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Animal magic

The trend towards permitting exotic pets and to treating crossbreds between wild animals and pets as no longer wild is unacceptable and should not be permitted. Whilst of course where damage is caused there will be potential civil actions both at common law and under statute, it is a bit late by then, and damages for injury or death are at best a very imperfect and unsatisfactory remedy.

Blurring the boundary between wild animals and domestic animals is dangerous. Wild animals are exactly what they are described as being. The principal protection for humans is that wild animals normally are afraid of humans and will give them a wide berth. (This is based upon lessons learned by generations and generations of wild animals who found that interfering with humans or coming close to them was a pretty good way of getting sharp implements stuck into you). The fact that the general suburban resident of today is far removed (in most cases!) both in temperament and generally carried weaponry from their ancestors is not something that has altered the fear that wild animals have. Once they lose that fear however they can be extremely dangerous.

Pretending that a cross between a wild animal and a domestic animal can properly be treated as a domestic animal is a mistake. There will be some such creatures who are more or less domesticated. There will be others which are pretty wild but which will have lost their fear of humans. Once that fear is lost then if humans can be seen as prey in the same way as any other animal. (Readers may recall some of the celebrated Australian cases regarding dingoes, wild dogs, and attacks on humans, but their interactions with humans have certainly impacted upon the lack of fear and hence greater propensity to attack).

Some new trends in this regard are very disturbing. There has been a new tendency to try and treat what are essentially crossbreds between Wolves and dogs such as Alsatians as pets. This is sometimes supposedly dilutive down the generations by mixing crossbreds, but even after three generations you can still have what is essentially 50% wolf and a creature which could still be pretty wild. I have always been one of those who treat the "big bad wolf" stories as fanciful, and there are relatively few accounts of attacks on humans. (Having said that, whilst travelling in the wilds I have known tribesmen who were really concerned about potential attacks from wolves and were adamant in the face of my saying such things did not happen that they had known them to happen). However even if some attacks occur, their rarity is because of natural fear of humans. Take that fear away and a wolf or crossbred wolf is much more dangerous than a dog. It seems somewhat ironic that in the age of legislation regarding dangerous dogs that part wolves could be tolerated as pets and permitted.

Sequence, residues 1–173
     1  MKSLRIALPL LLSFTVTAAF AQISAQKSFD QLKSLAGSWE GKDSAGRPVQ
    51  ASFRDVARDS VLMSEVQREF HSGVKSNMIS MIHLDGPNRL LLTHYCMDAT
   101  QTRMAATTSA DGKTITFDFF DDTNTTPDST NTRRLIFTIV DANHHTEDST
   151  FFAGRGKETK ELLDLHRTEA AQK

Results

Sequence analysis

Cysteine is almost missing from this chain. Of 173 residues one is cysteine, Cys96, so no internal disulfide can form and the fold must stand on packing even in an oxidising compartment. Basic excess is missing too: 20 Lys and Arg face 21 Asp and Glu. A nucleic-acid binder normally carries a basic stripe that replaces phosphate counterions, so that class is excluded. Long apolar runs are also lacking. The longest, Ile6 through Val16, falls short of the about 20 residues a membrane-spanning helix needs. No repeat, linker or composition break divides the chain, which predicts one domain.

A new trend involving cats is to have crossbreds between wild cats (for example from Africa) and domestic cats. These crosses are treated as domestic when common sense shows that they can easily be effectively and largely wild but having lost any fear of humans. Again the risk to humans and especially children is manifest.

Whilst the principal concern is the threat to humans, it is not just a question of them. Readers may recall the pet cat which not so long ago was caught and consumed by the neighbour's pet python. Wild or semi-wild creatures simply do not belong in the pet environment. They belong in the wild, or in zoos, but not residential areas.

Anyone who has heard the terrible story from America of Charla Nash, and in particular anyone who saw her appearance on the Oprah Winfrey show, will see the potential dangers. Charla Nash was attacked by someone else's pet chimpanzee. Chimpanzees are enormously strong (many times stronger than the strongest man). In the attack the victim lost most of her hands, her eyelids, (her eyes subsequently had to be removed as a result) her nose and lips and part of the bone structure of her face. She now goes around with a veil to avoid frightening people and also to avoid insult. She agreed to reveal her face on Oprah because she is campaigning about the dangers of wild animals being kept domestically. Her face was one to haunt your dreams, particularly when compared to a normal and happy looking picture of her before the incident. No damages claim could ever be a recompense. Those who want to take risks with the safety of others as regards wild or semi-wild creatures, would do well to study her face.

Michael J. Booth QC